Previously, Downtoen and the financial district specificallywere highly populated by week-day traffic but mostly empty on theweekend, but increased tourism, a tightening office market and theaddition of several thousand new residents to the area are allfactors driving additional people to the area and subsequentlydriving the hotel market.

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Jeffrey Davis, a senior vice president at Jones Lang LaSalleHotels, said the hotel boom is a trend that is happening all overManhattan as a result of the slowing condo conversions. In the lastsix or seven months, "There's been a pendulum swing of everybodylooking at doing hotels."

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Prior to the swing, most developments combined hotel units withresidential condominiums to meet the demand for condos. But as thetrend cooled across the country hotel development came once againto the forefront. "We're seeing a lot more interest since 9/11because there is a lot more money and the banks are willing to lendon hotels again."

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At this point, Deutsch says most of the hotels being developedare small to mid-sized, but adds that larger hotels and ones thatcontain conference space are required to meet the area's needs. Inthe next two to five years the majority of the planned hotels willcome online. Overall the new projects are an equal mix of ground-updevelopment and renovations from other property types.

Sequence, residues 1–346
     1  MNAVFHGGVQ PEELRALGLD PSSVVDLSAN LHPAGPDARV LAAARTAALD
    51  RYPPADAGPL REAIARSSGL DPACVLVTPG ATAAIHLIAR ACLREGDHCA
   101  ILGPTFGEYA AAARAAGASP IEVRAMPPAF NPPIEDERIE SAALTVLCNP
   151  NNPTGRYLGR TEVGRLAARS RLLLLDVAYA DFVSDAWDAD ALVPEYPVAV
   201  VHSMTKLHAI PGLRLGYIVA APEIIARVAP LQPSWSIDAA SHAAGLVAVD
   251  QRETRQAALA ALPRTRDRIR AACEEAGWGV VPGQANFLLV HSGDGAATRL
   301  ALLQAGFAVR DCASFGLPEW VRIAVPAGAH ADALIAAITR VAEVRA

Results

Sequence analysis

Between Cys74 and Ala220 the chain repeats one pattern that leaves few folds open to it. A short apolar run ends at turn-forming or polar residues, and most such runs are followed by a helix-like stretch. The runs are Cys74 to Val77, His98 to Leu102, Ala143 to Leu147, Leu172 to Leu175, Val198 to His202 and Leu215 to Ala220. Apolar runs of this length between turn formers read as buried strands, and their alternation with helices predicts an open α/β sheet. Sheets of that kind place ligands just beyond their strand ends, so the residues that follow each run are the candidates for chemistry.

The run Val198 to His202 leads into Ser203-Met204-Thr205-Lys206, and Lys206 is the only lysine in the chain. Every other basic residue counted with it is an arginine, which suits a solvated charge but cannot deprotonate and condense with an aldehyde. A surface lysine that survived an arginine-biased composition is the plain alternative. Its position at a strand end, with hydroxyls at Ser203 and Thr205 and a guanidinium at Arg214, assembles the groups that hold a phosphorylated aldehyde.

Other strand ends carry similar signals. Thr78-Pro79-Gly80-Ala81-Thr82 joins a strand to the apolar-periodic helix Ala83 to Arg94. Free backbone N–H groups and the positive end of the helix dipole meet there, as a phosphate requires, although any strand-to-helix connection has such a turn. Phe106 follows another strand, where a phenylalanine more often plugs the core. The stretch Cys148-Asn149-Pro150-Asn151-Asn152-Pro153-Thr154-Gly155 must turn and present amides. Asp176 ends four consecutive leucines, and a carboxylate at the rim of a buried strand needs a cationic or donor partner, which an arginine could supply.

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Deutsch says that the hotels also vary in price points and someof the planned developments are among the trendier hotel brands. Hecites the newly planned W Hotel, being developed by Joseph Moinianat 123 Washington St. as an example of a trendy hotel coming to thearea.

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Also on the drawing board are hotels projects at 217 Pearl St.,126 Water St., 99 Washington St., 100 Greenwich St., 50 TrinityPl., 20 Maiden Ln., 8 Stone St. and 33 Beekman St.

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Several hotels are also being significantly renovated to turnthem into luxury spaces. For example, the 138-key Holiday Inn WallStreet was purchased by LaSalle Hotel Properties and is about toundergo a $60 million renovation project over the next 18months.

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That while all the projects in the pipeline will probably notcome to fruition, Deutsch says, "For every project that falls offanother will pick up."

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